Saint Paul Regional Office
Regional Loan Center
Foreclosure Alternatives/Home Retention Options
Loan Administration monitors and evaluates the servicing of guaranteed loans by holders and servicers utilizing output from the Loan Service and Claims System to assure timely efforts are made to service and, as applicable, terminate loans determined insoluble.
The section also performs supplemental servicing to help mortgagors in default retain their homes or to provide them with alternatives to foreclosure. Once the servicer notifies VA that the loan is 60-105 days delinquent (VA Regulation 38 CFR 36.4315), VA will attempt to contact the mortgagor to discuss the account. VA encourages the mortgagor to work with the servicer first to bring the loan current. If the mortgagor is unable to work with the servicer, VA will assist the mortgagor with alternatives to foreclosure an home retention options. Here is a list of options and alternatives available:
Pay The Delinquency:
Under most circumstances, loan holders are required to accept payment of the full delinquency and reinstate the loan. The delinquency may include certain legal fees and costs if the mortgage company has started the foreclosure process. Many loan holders require certified funds for reinstatement.
The most common way of bringing the loan current is to repay part of the delinquency each month, in addition to the regular payment. Should the mortgagor need VA assistance proposing a repayment plan to the mortgage company, a financial statement is required.
If the mortgagor is temporarily unable to meet their monthly mortgage obligation, the mortgage company may extend forbearance by agreeing to suspend payments or accept partial payments for a limited period of time until the mortgagor will be able to begin a repayment schedule. VA cannot require a mortgage company to give forbearance or to agree to a specific repayment schedule.
VA does not have a program which would enable us to give mortgagors direct payment assistance. However, VA will provide information on programs which will make all or part of the mortgage payment for a fixed period of time. These organizations/programs include some state and local governments, as well as private charitable organizations.
Reamortization / Loan Modification:
If VA guaranteed loan is reamortized, the delinquency is added to the loan balance in order to bring the payments up to date. This increases the loan amount and will also increase the monthly payments. The amount of the payment increase will not be as great if the life of the loan is extended at the same time. The loan holder is allowed to extend and/or reamortize the loan by VA regulations; however, we cannot require the holder to do so.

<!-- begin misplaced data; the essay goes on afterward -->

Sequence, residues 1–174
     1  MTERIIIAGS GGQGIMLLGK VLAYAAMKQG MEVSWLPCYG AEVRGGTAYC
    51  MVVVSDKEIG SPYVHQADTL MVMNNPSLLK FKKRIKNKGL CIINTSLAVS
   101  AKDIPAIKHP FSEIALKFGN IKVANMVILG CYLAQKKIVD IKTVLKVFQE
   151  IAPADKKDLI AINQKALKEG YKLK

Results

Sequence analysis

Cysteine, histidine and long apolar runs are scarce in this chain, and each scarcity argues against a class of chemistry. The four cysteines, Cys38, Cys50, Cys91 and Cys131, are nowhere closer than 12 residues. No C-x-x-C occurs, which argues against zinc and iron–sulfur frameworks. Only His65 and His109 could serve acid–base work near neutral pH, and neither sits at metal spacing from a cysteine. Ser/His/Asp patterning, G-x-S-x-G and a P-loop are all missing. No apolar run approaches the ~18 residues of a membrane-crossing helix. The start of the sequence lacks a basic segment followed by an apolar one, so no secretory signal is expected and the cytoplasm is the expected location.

VA has discretionary authority to buy a loan from the mortgage company. This is called "refunding." We consider this alternative for every loan before foreclosure is completed. The mortgage company must have already decided not to modify your loan, extend additional forbearance, or approve another repayment plan. If the mortgagor occupies the property and has the ability to make the mortgage payments, or will have the ability in the near future, they may qualify for refunding.
If the mortgagor is not able to bring the loan current, a private sale of the property will enable them to meet their obligations and keep any equity they may have in the property. Most private sales are for more than the amount owing on the loan. The mortgagor may sell the property to a buyer who gets his or her own financing and pays off their VA loan or a qualified buyer who will assume your responsibility for the loan. If the buyer is assuming the loan, the mortgagor should contact VA and obtain a release of liability before the sale is closed.
Compromise / Short Sale:
If the property cannot be sold for an amount which is greater than or equal to what the mortgagor owes on the loan, VA may pay a "compromise claim" for the difference to help complete the sale. Some servicers are authorized by VA to approve a sale with a compromise claim. If the servicer is not authorized by VA to approve a compromise claim, they must contact VA to discuss the situation and get prior approval for a sale with a compromise claim payment.
Deed in Lieu of Foreclosure:
If a private sale does not appear realistic, the mortgage company will consider accepting a deed in lieu of foreclosure. If there are no liens on the property and the mortgage company agrees to accept a deed, the mortgagor will have to sign legal papers transferring ownership to the mortgage company. Normally, VA will have to pay the mortgage company a claim for the difference between the value of the property and the amount the mortgagor owes on the loan. If a deed is accepted, they may be released from all further liability or they may be asked to agree to repay the government all or part of the amount paid to the mortgage company.
Servicers and others may use our Loan Administration Contacts Page to get the most recent Loan Administration employee phone listings. That page also has usable e-mail links and case assignment designations for VA St. Paul Loan Administration employees.